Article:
Effects on central nervous system

Most of the pharmacologic effects of adenosine in the animal brain can be suppressed by relatively low concentrations of circulating caffeine (less than 100 µmol/L, the equivalent of 1-3 cups of coffee). Adenosine decreases the neuronal firing rate and inhibits both synaptic transmission and the release of most neurotransmitters. Caffeine also increases the turnover of many neurotransmitters, including monoamines and acetylcholine.

The A1 and A2a adenosine receptors are the subtypes primarily involved in the caffeine effect, with A2b and A3 receptors playing only a minor role. The A1 receptors are linked negatively to adenyl cyclase, whereas the A2a receptors are linked positively to this enzyme. Adenosine A1 receptors are distributed widely throughout the brain, with high levels in the hippocampus, cerebral and cerebellar cortex, and thalamus.

Conversely, A2a receptors are located almost exclusively in the striatum, nucleus accumbens, and olfactory tubercle. In the latter regions, A2a receptors are coexpressed with enkephalin and dopamine D2 receptors in striatal neurons. Direct evidence exists for a central functional interaction between adenosine A2a and dopamine D2 receptors. Indeed, administration of adenosine A2a receptor agonists decreases the affinity of dopamine for D2 receptors in striatal membranes.

Interaction between adenosine A2a receptors and dopamine D2 receptors in the striatum might underlie some of the behavioral effects of methylxanthines. By antagonizing the negative modulatory effects of adenosine receptors on dopamine receptors, caffeine leads to inhibition and blockade of adenosine A2 receptors, causing potentiation of dopaminergic neurotransmission. The latter interaction might explain the adenosine receptor antagonist–induced increase in behaviors related to dopamine (eg, caffeine-induced rotational behavior).

Clinical studies of central nervous system arousal

In a Dutch study, 11 patients who received either caffeine (250 mg) or placebo were asked to attend selectively to stimuli of a specified color (red or blue) and to react to the presence of a target in the attended category.[2] Reactions were faster in the caffeine group, but no intergroup differences in strategy were observed. Caffeine thus appeared to be associated with a higher overall arousal level, better processing of attended and unattended information, and more rapid motor processes. In addition, there is a growing body of evidence that caffeine has a significant effect on the sleep-wake cycle and on circadian rhythm.[3, 4]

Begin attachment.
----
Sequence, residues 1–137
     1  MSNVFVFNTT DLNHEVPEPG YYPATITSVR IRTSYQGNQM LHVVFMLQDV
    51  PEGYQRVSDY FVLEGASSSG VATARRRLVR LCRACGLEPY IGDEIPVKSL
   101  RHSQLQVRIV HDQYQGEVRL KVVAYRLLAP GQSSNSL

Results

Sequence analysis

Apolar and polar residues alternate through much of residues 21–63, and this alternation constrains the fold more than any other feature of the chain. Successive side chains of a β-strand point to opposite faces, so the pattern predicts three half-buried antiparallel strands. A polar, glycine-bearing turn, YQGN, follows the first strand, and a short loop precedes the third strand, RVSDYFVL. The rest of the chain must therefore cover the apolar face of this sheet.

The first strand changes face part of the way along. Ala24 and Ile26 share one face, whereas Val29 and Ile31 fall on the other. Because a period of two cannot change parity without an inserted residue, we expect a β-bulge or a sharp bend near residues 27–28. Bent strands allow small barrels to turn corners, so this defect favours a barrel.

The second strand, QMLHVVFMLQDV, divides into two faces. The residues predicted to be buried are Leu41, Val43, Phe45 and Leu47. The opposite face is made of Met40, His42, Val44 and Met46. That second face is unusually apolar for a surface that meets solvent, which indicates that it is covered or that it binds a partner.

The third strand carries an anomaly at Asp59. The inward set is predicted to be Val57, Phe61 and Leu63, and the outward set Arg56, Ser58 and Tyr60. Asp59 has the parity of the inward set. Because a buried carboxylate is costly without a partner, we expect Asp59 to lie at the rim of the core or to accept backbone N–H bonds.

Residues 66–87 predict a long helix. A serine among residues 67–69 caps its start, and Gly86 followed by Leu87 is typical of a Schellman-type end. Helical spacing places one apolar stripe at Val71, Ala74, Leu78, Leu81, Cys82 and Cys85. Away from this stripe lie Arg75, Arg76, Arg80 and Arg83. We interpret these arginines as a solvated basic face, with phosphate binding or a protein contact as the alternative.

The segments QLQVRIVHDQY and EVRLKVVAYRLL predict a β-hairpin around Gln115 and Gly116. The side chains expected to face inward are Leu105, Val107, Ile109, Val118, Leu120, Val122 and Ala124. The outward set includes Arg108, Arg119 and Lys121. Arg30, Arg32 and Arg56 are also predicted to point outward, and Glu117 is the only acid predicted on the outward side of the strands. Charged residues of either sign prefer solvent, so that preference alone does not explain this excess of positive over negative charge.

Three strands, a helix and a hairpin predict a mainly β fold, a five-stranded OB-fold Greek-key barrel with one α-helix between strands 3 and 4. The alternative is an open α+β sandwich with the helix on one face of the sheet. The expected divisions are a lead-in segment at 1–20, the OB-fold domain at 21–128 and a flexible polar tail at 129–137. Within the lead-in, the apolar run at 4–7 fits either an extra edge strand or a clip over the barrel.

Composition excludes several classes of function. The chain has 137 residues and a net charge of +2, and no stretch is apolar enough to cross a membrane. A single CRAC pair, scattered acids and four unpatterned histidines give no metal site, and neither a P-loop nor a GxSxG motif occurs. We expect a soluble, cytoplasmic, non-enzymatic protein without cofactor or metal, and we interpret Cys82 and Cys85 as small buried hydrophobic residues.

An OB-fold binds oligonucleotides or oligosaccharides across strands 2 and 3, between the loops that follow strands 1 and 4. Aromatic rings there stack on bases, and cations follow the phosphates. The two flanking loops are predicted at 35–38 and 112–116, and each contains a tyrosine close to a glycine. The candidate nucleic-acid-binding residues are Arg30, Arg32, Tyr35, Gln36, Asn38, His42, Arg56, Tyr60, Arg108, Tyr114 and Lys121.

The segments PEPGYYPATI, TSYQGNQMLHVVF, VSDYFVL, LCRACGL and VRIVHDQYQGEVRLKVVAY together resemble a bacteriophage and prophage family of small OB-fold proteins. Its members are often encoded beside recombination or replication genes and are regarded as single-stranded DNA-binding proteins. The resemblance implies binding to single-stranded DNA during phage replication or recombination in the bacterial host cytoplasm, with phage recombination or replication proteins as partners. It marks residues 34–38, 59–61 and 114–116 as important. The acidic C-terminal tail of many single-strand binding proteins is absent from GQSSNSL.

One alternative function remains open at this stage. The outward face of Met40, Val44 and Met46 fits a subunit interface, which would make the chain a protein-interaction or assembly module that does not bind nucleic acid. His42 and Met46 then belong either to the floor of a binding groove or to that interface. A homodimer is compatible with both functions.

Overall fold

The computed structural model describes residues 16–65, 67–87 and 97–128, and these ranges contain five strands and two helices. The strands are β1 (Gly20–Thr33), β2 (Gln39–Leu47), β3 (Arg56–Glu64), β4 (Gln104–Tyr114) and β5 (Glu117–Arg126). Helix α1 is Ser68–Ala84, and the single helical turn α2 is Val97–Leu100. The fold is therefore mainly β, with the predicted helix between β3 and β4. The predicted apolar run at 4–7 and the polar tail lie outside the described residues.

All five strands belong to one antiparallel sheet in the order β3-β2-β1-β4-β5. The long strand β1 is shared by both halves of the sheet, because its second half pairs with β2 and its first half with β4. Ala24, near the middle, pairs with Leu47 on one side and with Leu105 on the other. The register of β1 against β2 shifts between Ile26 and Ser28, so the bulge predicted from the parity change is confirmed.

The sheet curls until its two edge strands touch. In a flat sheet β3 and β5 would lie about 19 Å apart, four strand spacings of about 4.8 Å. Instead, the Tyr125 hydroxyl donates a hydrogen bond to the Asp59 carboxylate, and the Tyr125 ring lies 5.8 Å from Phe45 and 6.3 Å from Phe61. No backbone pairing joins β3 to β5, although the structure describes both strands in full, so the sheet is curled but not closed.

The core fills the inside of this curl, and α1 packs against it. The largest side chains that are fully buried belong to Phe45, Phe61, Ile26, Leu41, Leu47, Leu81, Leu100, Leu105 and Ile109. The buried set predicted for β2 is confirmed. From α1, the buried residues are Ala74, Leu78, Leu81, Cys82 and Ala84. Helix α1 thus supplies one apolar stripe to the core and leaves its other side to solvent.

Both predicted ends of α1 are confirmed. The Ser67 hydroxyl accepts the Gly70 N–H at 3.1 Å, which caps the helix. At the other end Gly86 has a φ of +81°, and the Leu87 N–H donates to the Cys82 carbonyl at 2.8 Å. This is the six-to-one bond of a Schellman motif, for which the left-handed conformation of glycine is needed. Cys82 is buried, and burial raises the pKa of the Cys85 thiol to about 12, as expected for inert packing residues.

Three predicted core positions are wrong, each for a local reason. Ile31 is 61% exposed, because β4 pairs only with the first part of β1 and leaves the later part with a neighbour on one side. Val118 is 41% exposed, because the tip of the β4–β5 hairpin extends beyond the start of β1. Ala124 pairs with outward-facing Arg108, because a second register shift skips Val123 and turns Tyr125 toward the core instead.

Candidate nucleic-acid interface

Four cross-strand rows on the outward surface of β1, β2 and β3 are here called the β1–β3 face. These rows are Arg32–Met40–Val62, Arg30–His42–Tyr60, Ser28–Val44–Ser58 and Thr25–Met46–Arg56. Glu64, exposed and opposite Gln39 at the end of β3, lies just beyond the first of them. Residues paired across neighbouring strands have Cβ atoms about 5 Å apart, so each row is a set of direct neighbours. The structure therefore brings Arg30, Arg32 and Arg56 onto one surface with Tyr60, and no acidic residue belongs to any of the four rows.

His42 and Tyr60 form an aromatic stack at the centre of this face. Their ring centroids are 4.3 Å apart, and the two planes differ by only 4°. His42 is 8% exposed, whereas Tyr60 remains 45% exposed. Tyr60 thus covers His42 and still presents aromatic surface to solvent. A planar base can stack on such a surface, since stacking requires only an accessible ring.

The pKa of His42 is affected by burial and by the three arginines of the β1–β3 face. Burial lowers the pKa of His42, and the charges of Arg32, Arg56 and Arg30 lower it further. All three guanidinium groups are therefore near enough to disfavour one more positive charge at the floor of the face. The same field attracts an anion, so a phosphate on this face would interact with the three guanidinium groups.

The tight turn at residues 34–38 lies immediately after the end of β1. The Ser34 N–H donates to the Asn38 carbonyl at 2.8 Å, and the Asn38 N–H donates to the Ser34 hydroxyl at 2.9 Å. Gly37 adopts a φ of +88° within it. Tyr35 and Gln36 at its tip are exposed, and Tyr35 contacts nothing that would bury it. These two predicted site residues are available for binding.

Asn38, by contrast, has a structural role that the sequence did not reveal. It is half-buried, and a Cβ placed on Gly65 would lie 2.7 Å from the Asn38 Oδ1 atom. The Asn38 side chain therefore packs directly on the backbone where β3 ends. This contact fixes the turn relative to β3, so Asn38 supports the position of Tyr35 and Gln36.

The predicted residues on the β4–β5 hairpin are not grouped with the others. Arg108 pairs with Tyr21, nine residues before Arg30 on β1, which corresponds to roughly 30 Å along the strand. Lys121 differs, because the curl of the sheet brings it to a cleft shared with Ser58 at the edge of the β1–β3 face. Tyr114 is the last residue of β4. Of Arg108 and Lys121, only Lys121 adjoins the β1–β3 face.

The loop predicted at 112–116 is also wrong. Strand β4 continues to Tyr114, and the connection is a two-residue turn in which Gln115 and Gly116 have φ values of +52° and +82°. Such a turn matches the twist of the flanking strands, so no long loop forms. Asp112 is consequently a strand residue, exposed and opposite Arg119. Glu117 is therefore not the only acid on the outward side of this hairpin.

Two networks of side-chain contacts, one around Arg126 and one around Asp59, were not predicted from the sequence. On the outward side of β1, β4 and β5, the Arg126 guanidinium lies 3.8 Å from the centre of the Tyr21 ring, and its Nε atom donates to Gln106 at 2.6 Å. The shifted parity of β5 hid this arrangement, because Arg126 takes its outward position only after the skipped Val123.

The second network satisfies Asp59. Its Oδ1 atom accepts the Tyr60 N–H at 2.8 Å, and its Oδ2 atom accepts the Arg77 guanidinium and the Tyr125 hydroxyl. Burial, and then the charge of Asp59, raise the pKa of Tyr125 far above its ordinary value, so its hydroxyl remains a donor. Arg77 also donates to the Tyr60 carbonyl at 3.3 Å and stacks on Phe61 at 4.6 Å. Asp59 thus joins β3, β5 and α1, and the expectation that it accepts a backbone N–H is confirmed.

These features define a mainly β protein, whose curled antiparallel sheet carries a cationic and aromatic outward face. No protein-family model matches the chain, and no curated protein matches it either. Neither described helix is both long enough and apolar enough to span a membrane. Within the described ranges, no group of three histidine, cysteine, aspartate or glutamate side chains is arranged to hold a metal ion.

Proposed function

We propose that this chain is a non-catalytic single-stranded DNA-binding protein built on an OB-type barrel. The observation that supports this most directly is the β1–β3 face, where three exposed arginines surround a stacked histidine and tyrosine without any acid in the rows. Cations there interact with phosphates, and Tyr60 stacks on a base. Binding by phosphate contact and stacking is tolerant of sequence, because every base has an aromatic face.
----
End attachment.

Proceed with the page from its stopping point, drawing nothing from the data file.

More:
Quinlan et al reported 2 studies evaluating different caffeine levels and different caffeine sources.[5] In study 1, tea and coffee were prepared at different strengths, and control subjects received water or no drinks. Both tea and coffee yielded mild autonomic stimulation and mood elevation. Neither the source (tea or coffee) nor the dose significantly influenced the effects of the caffeine, despite a 4-fold variation in the dose. Greater beverage strength was correlated with greater increases in diastolic blood pressure (DBP) and significant arousal.

In study 2, only the caffeine level was manipulated, with varying amounts of caffeine added to water or decaffeinated tea.[5] Systolic blood pressure (SBP), DBP, and skin conductance were increased in the caffeine group, and heart rate and skin temperature were reduced in those who received water. A significant dose-response relation to caffeine was documented only for SBP, heart rate, and skin temperature. Although caffeine significantly affected arousal, no dose-response effects could be consistently demonstrated.

In a double-blind controlled study of younger experienced drivers, Reyner and Horn found that 200 mg caffeine (delivered via coffee) reduced early morning driver sleepiness for about 30 minutes after sleep deprivation and for about 2 hours after sleep restriction.[6] In the caffeine group, sleep incidents were significantly reduced for the first 30 minutes, and subjective sleepiness was reduced for 1 hour.

In a placebo-controlled study of the effects of caffeine on learning and retrieval sessions, Herz et al found that whereas caffeine 5 mg/kg reliably increased arousal, it did not affect any emotional characteristics related to pleasure, nor did it have any effect on memory.[7]

Overusing paracetamol-caffeine-aspirin (PCA) powders affects regional brain glucose metabolism in persons with chronic migraine. Increased metabolism in the right insula may be associated with recurrently overusing of PCA powders.[8]

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Role of Caffeine in Headaches

A retrospective study found that for both menstruation-associated migraine and migraine not associated with menses, the percentage of responders (ie, those whose pain intensity was decreased to mild or none) was significantly higher among those receiving an acetaminophen-aspirin-caffeine (AAC) regimen than among those receiving placebo at all time points from 0.5 to 6 hours after administration.[9] Treatment effect was essentially equivalent at all time points for menstruation-associated migraine and migraine not associated with menses.